Recently, a series of binary semiconducting oxide nanobelts (or nanoribbons), such as ZnO, In2O3, Ga2O3, CdO and PbO2 and SnO2, have been successfully synthesized in Dr. Zhong C. Wang’s laboratory at the Georgia Institute of Technology by simply evaporating the source compound (Science, 209 (2001) 1947). The as-synthesized oxide nanobelts are pure, structurally uniform, single crystalline and most of them are free from defects and dislocations; they have a rectangular-like cross-section with typical widths of 30~300 nm, width-to-thickness ratios of 5~10 and lengths of up to a few millimeters. The belt-like morphology appears to be a unique and common structural characteristic for the family of semiconducting oxides with cations of different valence states and materials of distinct crystallographic structures.
Using Nanobelts to Understand Transport Phenomena in Functional Oxides, and Industry Applications of Nanobelts
The nanobelts are an ideal system for fully understanding dimensionally confined transport phenomena in functional oxides and building functional devices along individual nanobelts. This discovery has been reported by over 20 media and professional society journals. Dr. Wang’s Nanotechnology and Nanoscience Group in the School of Materials Science and Engineering of the Georgia Institute of Technology has recently applied the nanobelt materials to make the world’s first field effect transistor and single wire sensors.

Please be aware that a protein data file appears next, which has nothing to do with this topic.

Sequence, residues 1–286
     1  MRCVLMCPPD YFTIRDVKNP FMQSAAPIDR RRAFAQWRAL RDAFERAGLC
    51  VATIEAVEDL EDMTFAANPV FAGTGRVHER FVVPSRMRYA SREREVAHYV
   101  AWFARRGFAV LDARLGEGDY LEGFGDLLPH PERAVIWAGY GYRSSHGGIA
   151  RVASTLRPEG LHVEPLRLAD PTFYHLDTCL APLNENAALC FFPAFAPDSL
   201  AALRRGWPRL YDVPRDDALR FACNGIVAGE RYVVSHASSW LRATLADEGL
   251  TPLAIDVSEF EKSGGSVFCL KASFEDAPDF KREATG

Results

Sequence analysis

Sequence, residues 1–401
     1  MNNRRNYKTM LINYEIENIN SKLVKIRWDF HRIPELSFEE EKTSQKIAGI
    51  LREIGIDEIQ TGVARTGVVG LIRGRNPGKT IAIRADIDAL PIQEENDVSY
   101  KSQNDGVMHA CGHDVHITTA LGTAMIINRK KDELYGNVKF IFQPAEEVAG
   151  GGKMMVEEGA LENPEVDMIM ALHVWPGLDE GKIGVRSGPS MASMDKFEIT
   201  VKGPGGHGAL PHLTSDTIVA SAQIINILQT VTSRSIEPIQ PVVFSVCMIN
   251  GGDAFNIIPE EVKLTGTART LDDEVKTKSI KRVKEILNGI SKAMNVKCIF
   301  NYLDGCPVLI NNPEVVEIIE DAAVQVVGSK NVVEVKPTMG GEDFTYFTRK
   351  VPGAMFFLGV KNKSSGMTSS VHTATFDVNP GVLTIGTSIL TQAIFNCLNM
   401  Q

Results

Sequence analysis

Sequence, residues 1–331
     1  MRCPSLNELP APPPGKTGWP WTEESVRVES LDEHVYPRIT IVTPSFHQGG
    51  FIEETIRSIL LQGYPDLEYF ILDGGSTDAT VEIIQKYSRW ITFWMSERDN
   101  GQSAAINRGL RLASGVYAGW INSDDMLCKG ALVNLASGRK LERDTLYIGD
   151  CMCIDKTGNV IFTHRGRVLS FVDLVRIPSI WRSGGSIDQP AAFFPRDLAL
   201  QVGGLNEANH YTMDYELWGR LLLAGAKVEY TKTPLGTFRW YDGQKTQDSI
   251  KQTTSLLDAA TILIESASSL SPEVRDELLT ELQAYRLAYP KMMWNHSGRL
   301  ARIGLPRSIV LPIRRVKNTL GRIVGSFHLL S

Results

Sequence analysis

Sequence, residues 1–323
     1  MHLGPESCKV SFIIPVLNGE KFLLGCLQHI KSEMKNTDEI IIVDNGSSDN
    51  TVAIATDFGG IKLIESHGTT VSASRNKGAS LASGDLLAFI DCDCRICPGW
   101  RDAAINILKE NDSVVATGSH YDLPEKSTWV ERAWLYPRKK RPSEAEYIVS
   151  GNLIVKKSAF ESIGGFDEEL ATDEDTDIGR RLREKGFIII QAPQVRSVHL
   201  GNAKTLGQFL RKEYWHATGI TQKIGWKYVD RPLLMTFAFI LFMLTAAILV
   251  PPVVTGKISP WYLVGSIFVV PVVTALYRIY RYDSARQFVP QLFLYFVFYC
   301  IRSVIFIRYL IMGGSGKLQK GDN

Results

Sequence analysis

Industry Applications for Piezoelectric Nanobelts
The latest breakthrough is the success of the first piezoelectric nanobelts and nanorings for applications as sensors, transducers and actuators in micro- and nano-electromechanical systems (Science, 303 (2004) 1348). Owing to the positive and negative ionic charges on the zinc- and oxygen-terminated ZnO basal planes, respectively, a spontaneous polarization normal to the nanobelt surface is induced.
Helical Nanosprings and Nanocoils, Piezoelectricity, and Ferrolectricity at the Nanoscale
As a result, helical nanosprings/nanocoils are formed by rolling up single crystalline nanobelts. The mechanism for the helical growth is suggested for the first time to be a consequence of minimizing the total energy contributed by spontaneous polarization and elasticity. The nanobelts have widths of 10-60 nanometers and a thickness of 5-20 nanometers, and they are free of dislocations. The polar surface dominated ZnO nanobelts and helical nanosprings are likely to be an ideal system for understanding piezoelectricity and polarization-induced ferroelectricity at nanoscale.